During the month of January 2000, Nina acquired for the fifth time walking pneumonia. Her doctor was honest the first time around when he told her that after the first bout with pneumonia she would remain an open target to the condition. However, I was prepared this time around. I knew exactly what to do to take care of my mother. In retrospect, it seems a bit funny how a parent and child can suddenly switch roles when the situation calls for it.

My mother is stubborn. (Itís a personality trait that I definitely inherited from her.) So, I had to make sure that she would follow the doctorís orders and get plenty of rest. For my mother, it meant doing absolutely, positively nothing. I could only imagine how hard it was for Nina to swallow that enormous pill called doing nothing. But I was fully-equipped and prepared to make her swallow that pill even if I had to shove it down her throat.

I used four of the six personal days that my place of business allotted to each of the employees for the year 2000 to make sure she would swallow that pill. She was amazed. She was appreciative. And yes, she was upset. Why? Because she couldnít do it all herself. And she had always believed that she could do it all by herself. I cleaned the house, packed my fatherís lunches for work, washed the clothes, cooked the meals, washed the dishes, and ran all the errands outside of the home that my mother had usually done herself. I gave her the medication at the appropriate times of day. I fed her when she could actually eat something without getting sick to the stomach. I put blankets on her body while she slept and let the medicine do its job within her body. I stood at the door and watched my mother sleep the same way she had done for me when I was a child.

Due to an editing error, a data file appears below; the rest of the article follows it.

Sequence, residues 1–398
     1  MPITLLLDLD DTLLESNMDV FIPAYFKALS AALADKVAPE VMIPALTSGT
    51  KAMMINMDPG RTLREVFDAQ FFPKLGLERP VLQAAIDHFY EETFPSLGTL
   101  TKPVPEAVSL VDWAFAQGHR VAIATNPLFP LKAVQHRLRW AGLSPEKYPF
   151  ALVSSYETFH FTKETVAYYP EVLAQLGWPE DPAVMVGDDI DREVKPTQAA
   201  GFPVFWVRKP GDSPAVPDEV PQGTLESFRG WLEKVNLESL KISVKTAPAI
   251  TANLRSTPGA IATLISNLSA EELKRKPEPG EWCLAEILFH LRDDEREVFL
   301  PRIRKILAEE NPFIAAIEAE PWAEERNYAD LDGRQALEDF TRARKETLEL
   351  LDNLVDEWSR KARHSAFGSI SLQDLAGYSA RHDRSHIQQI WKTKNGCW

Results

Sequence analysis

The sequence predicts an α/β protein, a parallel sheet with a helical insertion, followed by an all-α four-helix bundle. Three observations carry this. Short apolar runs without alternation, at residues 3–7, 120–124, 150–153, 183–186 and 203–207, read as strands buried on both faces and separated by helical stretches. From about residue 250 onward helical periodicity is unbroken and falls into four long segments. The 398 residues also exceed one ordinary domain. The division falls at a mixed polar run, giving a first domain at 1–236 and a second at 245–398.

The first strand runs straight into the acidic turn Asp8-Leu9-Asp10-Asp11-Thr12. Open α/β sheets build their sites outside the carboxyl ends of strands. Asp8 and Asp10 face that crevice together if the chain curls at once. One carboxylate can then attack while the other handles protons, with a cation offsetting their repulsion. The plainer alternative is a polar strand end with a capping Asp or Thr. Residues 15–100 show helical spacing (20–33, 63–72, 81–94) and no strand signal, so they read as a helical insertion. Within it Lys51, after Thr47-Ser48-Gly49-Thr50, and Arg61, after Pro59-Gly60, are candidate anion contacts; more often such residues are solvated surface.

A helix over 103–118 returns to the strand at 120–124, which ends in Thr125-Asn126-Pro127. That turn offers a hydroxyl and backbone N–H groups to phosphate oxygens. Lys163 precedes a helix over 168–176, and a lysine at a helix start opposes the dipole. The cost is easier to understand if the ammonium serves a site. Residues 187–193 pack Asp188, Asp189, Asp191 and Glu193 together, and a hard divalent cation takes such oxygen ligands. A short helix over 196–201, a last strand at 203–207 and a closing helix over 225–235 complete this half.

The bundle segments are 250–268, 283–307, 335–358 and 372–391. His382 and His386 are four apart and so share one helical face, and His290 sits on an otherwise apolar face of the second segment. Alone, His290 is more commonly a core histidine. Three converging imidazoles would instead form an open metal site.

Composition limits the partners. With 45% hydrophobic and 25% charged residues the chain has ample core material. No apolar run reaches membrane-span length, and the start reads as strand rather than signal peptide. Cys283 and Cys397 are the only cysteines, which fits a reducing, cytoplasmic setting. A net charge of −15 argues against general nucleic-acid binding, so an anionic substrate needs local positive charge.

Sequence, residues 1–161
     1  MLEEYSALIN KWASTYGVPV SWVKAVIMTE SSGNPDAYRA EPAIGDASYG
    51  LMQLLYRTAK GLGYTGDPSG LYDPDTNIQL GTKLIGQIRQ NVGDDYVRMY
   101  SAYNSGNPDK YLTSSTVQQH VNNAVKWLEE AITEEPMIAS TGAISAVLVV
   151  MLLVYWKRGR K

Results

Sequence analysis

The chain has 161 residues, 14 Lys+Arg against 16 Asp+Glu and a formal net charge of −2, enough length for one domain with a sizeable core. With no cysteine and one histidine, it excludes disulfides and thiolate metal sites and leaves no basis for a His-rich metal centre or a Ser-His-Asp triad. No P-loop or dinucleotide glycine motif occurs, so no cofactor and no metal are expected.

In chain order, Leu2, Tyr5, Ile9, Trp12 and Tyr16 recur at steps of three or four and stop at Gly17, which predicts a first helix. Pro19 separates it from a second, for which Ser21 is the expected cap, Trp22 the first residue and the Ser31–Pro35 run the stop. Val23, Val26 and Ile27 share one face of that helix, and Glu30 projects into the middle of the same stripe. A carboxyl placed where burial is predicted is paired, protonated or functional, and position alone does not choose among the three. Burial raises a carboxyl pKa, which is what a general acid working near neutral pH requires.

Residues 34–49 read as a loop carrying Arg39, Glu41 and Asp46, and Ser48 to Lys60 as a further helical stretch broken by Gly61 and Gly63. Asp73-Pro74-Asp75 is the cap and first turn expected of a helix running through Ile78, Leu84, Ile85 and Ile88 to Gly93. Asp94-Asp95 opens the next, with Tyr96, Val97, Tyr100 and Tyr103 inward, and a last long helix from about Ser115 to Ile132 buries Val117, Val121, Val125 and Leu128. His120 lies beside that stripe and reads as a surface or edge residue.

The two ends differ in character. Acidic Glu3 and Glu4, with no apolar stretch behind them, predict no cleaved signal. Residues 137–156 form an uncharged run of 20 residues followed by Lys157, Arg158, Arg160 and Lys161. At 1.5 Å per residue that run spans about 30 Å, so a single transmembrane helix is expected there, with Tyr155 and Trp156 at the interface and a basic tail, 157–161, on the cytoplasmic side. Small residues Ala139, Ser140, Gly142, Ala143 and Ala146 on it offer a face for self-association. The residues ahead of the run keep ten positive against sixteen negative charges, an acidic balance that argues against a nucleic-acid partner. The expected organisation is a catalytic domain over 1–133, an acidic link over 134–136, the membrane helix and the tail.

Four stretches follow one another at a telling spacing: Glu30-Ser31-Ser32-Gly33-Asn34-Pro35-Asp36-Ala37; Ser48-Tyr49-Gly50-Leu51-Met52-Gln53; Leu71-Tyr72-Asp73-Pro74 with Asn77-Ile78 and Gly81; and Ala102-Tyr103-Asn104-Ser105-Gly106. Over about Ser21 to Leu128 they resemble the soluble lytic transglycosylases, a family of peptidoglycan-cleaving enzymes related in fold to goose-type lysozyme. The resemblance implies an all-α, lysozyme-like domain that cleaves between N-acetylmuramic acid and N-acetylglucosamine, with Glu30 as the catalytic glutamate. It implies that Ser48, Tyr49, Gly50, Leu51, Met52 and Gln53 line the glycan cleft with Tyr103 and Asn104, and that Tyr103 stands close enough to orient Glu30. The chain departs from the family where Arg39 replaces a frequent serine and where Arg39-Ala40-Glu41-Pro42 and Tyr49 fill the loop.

I had always cherished the relationship I had with my mother, but it wasnít until recently that I understood how truly strong our bond as mother and daughter had become.

During the time of taking care of my mother, I never once thought of my own physical well-being, the errands I had to run for myself, or any of my usual cares and worries about my own personal life. The only thing that mattered to me was witnessing and taking part in the progress of my motherís health. Finally, it occurred to me. This is what my mother went through for me every single day of my life. This is what all mothers go through on a daily basis for their children. Although, Iím not a mother there is a maternal instinct that turns on within me when my mother needs my care and attention.

All in all, my relationship with my mother has grown stronger over the years. Especially during the more difficult times weíve experienced together recently. I will always be dedicated to the love and care of Nina when she needs me. Not only out of family obligation, Iím going to be there for her to let Nina know that her love, support, and care for me hasnít gone unnoticed. Her strength of character, determination, and expectations of excellence have been seared into my spirit. Nina is an extraordinary woman, mother, wife, and friend. And Iím proud and honored to be her daughter.


Nina by Tameko L. Barnette

© Copyright 2000. All rights reserved. No portion of this work may be duplicated or copied without the expressed written consent of the author.